Tampa Bay Buccaneers

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The Work to Be Done (Part 1)

A look at the starting numbers entering training camp and the possible targets at each position, beginning with the offense


In less than four weeks, the Tampa Bay Buccaneers will take 80 players to training camp. Roughly four weeks after that, following an intense set of two-a-days and four preseason games, the Buccaneers will pare that number down to 53.

That's the work to be done in August and the first few days of September.

There is a little bit of housekeeping that must still be done in July. Four 2010 draft picks and restricted free agent Donald Penn remain unsigned; they cannot report to training camp without new contracts. As each of the four rookies comes to terms, another player will have to be removed from the roster, as 80 men is now the strict NFL limit for camp.

For the purposes of examining what must be done in August, however, we'll assume those players will all be a part of training camp. It's a reasonable assumption, particularly in terms of the draft picks, as the Bucs have not had a rookie holdout of any significant length for the better part of two decades.

We may be assuming a few other things as well in following paragraphs; please note that this is not meant to reflect the opinions of the Buccaneers' coaching staff or player personnel department. Team management prefers to keep their roster evaluations to themselves during camp and the preseason, and for good strategic reason.

Still, we can break down what the Buccaneers have at each position entering camp, and where they likely need to get to before the start of the regular season. In this, Part 1, we'll cover the offensive positions, in which we'll also include the placekickers.



Players currently on the roster: 4

Likely number carried on the 53-man roster: 3

Starting spots to fill: 1

Returning starters: 1

The most prominent camp battle of a year ago has been replaced by one of the roster's surest things. Second-year man Josh Freeman, who was only a fringe entrant in the competition for the starting quarterback job as a rookie last summer, comes into his second camp with the job securely in his grasp.

In 2009, the Bucs mainly sought to sort out which veteran, Byron Leftwich or Luke McCown, would hold down the fort while the heir apparent soaked up the game from the sideline. However, Freeman accelerated the schedule by performing extremely well in practice, and by the eighth game of the season he was under center. Leftwich and McCown are now at different NFL outposts and the Bucs are planning for this to be the first of many opening-day starts for their franchise quarterback.

Similarly, third-year player Josh Johnson can see a much clearer picture heading into this year's camp. While he seemed to be fighting an uphill battle for a playoff spot a year ago, Johnson is the best bet to back up Freeman in 2010, especially after he made three starts during the 2009 season.

That's true in part because the Bucs' remaining two quarterbacks have almost no NFL experience between them. Tampa Bay grabbed then-rookie Rudy Carpenter off Dallas' practice squad last November and then added 2010 rookie Jevan Snead after the draft this past April. Though Johnson proved last year that the depth chart doesn't always shake out as it might appear it will in pre-camp days, the most obvious scenario would have Carpenter and Snead battling it out for the third quarterback spot.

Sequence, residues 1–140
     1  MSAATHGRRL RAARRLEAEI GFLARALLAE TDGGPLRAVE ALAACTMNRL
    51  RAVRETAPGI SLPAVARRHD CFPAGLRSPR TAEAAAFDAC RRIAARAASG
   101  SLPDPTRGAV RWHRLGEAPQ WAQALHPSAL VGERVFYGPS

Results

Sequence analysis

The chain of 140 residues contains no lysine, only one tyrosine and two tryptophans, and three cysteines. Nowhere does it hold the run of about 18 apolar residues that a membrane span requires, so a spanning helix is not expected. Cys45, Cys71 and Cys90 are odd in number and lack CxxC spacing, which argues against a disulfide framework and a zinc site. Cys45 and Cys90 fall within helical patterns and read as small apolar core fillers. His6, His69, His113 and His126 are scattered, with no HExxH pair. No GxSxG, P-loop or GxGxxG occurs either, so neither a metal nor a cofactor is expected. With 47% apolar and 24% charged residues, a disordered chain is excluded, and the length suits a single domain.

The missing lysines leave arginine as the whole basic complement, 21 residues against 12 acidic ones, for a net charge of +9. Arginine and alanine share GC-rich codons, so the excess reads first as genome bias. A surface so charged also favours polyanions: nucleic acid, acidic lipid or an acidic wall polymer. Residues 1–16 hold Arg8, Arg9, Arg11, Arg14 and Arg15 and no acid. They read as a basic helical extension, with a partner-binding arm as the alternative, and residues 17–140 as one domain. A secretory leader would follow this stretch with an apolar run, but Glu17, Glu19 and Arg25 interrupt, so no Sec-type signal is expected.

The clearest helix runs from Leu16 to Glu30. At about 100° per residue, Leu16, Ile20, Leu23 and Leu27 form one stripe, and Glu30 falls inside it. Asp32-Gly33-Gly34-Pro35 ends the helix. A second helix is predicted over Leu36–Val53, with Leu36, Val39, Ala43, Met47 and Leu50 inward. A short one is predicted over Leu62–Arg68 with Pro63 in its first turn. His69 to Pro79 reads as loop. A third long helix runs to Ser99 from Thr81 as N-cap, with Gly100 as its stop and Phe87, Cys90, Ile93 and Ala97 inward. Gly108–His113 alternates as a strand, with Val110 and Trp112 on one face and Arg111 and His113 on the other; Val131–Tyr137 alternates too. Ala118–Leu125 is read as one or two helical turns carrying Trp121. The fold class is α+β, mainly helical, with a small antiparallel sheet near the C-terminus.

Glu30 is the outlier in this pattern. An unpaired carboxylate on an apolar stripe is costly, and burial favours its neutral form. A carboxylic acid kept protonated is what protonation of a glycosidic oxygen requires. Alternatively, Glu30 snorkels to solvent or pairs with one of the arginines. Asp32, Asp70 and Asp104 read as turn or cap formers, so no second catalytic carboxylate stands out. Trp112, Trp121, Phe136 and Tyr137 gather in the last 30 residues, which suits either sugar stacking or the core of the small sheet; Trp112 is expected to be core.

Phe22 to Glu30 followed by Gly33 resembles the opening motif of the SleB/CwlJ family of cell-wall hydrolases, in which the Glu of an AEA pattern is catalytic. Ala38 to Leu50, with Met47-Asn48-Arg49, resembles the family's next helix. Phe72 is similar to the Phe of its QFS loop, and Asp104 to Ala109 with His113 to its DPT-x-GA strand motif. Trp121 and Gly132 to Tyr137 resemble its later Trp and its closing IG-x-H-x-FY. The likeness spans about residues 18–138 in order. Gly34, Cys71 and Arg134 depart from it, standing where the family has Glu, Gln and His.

The Buccaneers, like a majority of NFL teams, generally carry three quarterbacks on the 53-man roster. However, they have headed into the regular season with four passers several times in the last few years, so there's no guarantee any of the Bucs' current passers will be released after the preseason. Also, though it's not a path Tampa Bay has chosen any time recently, some NFL teams have taken to carrying just two quarterbacks on the active roster, usually stashing a third on the practice squad in case of injury.


Running Back

Players currently on the roster: 7

Likely number carried on the 53-man roster: 4 or 5

Starting spots to fill: 2

Returning starters: 2

Probably the most common number of running backs (tailbacks plus fullbacks) carried by any given NFL team during the regular season is five. However, the position's depth is almost always influenced by issues at other spots on the depth chart.

Most commonly, decisions at the other positions featuring eligible offensive targets - wide receiver and tight end - impact how many running backs are kept. If a team chooses to keep a sixth or seventh receiver or a fourth tight end, the backfield sometimes has to give up a spot.

On the other hand, a team's needs in the return game can occasionally add to the numbers at running back. That would certainly appear to be a factor for the Buccaneers, who have a Pro Bowl return man in Clifton Smith who also happens to play running back. Smith obviously stands an excellent chance of making the roster due to his special teams work, and the Bucs continue to discuss the possibility of him making an impact as a quick and shifty third-down back.

One other factor will likely affect the final number of players left in the running back meeting room come September: Versatility. Specifically, Earnest Graham's versatility. The Bucs entered 2009 with the idea of rotating carries between three proven tailbacks: Graham, Cadillac Williams and Derrick Ward. As it turned out, Williams took the lead role, Ward was his most common replacement and Graham eventually was pressed into duty at fullback due to a rash of injuries at the spot.